I used to joke with my husband that I was like a kite in our relationship. He on the other hand was the guy on the ground with a roll of string in his hand. Under this model he was the one who kept things stable. When I start getting too high he reeled me in, and when I needed a boost he sends me outward.
This is the story I told myself for many years and for the most part it was true. As a creative sort, assigned a slew of mental illnesses, I had been told I would always need someone grounded and stable to reel me in from time to time.
This model worked for many years, and in some ways it still does, but it became problematic when I would feel the need to tug on that string and see just how far it could go. This just ended in sadness and frustration and resentment on both our parts.
So a few weeks ago I decided to rewrite our story.
In the new version my husband and I are on the beach. Once again he is the one with the kite and I am the kite itself, susceptible to breezes and shifts in the wind.
As I fly high, I spot on the skyline a bird—an osprey, flying towards us. I admire its strength, its focus, and its sense of freedom, but it causes me to wonder. Could I too be more than just sticks, paper, and string?
As this thought passes through my mind the chord between he and I dissolves, fragments of string scattering in the breeze. I am scared, because I have been attached to a string all of my life. Aren’t I just a kite? I can’t do this on my own.
I panic as this man I love is getting farther and father away as I drift alone down the coast… but then something happens.
I feel myself changing, my support braces begin to crack, my flimsy paper tears and I feel myself shifting, muscles forming, bones developing, wings spreading outward. As the wind blows, I lift up, flap and dive. I am no longer a kite, but a beautiful osprey.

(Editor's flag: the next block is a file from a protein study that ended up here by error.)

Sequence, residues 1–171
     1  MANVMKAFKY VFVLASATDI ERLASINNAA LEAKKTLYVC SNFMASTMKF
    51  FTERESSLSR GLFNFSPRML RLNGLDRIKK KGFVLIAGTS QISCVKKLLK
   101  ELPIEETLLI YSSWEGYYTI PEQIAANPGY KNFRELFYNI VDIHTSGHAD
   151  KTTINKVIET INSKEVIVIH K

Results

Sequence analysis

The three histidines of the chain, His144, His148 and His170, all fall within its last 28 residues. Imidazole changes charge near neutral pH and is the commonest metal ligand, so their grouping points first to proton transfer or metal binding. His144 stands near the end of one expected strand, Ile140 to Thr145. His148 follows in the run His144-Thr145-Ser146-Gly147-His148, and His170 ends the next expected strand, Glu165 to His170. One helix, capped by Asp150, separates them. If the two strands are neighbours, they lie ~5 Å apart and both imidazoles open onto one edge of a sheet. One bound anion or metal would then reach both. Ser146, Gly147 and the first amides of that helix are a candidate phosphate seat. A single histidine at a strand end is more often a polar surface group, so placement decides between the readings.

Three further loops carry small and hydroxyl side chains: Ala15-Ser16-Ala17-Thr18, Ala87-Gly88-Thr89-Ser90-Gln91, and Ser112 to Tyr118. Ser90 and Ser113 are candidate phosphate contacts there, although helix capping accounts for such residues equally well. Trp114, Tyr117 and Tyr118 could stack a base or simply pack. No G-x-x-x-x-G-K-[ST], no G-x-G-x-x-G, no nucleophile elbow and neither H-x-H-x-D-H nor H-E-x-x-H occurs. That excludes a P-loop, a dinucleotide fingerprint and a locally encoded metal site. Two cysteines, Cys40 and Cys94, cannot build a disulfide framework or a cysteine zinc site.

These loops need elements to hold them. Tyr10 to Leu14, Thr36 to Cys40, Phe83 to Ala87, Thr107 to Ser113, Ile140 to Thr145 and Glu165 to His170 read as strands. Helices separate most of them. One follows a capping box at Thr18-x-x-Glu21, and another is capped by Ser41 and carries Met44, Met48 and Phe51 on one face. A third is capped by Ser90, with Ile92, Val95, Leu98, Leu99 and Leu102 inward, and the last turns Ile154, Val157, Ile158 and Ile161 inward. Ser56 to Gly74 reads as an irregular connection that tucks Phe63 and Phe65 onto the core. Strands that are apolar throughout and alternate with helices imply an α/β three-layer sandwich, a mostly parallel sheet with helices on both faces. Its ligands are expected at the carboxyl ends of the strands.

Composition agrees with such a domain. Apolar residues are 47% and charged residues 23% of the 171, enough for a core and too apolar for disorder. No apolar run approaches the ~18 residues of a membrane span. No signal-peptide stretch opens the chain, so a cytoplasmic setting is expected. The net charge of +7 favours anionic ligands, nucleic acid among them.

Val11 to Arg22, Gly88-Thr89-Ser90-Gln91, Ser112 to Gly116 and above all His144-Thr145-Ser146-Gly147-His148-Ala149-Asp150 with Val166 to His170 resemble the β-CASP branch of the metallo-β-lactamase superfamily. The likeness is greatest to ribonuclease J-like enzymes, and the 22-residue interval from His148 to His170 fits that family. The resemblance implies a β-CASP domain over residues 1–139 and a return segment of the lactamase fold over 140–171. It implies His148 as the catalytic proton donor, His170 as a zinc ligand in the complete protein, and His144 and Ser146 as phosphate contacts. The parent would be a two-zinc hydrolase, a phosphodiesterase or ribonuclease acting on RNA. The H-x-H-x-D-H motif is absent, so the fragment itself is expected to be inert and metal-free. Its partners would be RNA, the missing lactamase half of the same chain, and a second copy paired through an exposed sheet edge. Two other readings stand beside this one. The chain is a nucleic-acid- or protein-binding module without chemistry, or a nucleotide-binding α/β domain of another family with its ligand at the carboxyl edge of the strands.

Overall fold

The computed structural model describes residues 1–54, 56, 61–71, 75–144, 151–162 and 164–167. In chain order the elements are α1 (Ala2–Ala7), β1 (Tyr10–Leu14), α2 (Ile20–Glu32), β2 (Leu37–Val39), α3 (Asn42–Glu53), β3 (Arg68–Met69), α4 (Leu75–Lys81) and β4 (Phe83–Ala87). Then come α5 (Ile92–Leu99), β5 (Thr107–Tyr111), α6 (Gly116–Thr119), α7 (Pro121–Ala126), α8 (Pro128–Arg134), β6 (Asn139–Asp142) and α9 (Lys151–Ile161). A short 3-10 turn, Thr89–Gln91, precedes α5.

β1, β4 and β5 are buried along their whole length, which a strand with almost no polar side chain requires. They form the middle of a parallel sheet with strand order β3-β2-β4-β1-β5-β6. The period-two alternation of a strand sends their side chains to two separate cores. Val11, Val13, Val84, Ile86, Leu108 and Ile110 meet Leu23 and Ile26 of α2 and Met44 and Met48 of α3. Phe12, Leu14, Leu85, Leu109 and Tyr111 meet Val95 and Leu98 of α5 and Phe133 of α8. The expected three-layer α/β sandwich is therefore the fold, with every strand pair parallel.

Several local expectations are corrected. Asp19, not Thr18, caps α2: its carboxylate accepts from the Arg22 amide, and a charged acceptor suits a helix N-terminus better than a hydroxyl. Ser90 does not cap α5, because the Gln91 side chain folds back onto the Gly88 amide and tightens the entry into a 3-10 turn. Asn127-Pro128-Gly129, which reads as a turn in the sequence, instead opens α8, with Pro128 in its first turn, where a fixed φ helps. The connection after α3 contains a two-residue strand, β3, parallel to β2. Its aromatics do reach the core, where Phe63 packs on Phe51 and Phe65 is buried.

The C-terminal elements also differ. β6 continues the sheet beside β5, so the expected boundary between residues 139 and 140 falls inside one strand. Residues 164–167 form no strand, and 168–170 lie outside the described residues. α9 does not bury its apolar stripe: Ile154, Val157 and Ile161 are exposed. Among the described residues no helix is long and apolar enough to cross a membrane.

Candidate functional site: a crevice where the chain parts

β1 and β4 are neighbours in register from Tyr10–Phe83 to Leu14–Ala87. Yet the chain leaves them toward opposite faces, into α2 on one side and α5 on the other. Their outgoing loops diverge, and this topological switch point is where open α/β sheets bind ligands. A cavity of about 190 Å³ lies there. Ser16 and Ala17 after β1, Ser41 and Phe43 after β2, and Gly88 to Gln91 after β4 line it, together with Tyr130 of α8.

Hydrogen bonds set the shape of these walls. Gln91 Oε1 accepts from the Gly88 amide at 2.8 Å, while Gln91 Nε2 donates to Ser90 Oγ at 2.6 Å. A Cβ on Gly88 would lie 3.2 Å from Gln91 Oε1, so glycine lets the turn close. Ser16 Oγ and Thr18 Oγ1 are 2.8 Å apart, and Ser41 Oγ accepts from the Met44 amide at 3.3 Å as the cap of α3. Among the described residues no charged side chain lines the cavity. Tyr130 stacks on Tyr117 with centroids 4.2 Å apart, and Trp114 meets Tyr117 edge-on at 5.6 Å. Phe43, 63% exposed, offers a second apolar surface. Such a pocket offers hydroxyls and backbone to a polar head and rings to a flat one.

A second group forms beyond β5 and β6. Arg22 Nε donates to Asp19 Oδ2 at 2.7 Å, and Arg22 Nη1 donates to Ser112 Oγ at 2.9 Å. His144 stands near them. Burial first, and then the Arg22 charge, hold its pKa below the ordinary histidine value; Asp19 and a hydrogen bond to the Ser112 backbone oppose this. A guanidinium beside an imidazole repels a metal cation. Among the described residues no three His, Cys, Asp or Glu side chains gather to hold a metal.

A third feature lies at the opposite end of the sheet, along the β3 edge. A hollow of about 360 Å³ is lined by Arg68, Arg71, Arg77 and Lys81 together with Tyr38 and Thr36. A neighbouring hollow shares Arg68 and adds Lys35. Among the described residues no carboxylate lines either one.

I fly against the breeze to where my husband stands alone. I give him a nod. He is not concerned.
He knows I will return.
As this new being, I am my own agent. I am an explorer, a master of sky, sea, and land. I am now in control during the strong winds and the gentle breezes and though I am free I have not forgotten the man below. I picture myself finishing my journey, returning home, bringing gifts. In my talons I hold a white sea shell, with a small hole in it, symbolic of our love that is both perfect and imperfect simultaneously.
In honor of this story I have envisioned in my mind, in real life when I go for a walk on the beach I always return with a white sea shell with a whole in it. He’s got quite a collection growing on his desk. I have even tattooed a little osprey on my arm, wings outstretched wide, open and free.
How lucky I am that I have found a loving partner who understands the importance to me of being able to fly down that coast alone…and you know, maybe he is equally as lucky to have found an adventurer, a lover of the sky who will always understand the importance of coming home.